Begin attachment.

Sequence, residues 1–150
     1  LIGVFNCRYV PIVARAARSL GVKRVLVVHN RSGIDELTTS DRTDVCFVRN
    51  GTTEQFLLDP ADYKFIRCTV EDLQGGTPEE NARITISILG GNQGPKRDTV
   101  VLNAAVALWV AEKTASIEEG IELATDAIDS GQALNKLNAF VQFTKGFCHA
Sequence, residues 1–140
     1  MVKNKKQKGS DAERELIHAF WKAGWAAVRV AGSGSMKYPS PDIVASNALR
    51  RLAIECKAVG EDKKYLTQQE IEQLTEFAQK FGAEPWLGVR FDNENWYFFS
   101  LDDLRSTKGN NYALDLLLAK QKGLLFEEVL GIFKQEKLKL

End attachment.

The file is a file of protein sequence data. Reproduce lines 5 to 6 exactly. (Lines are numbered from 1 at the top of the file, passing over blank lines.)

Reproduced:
Sequence, residues 1–140
     1  MVKNKKQKGS DAERELIHAF WKAGWAAVRV AGSGSMKYPS PDIVASNALR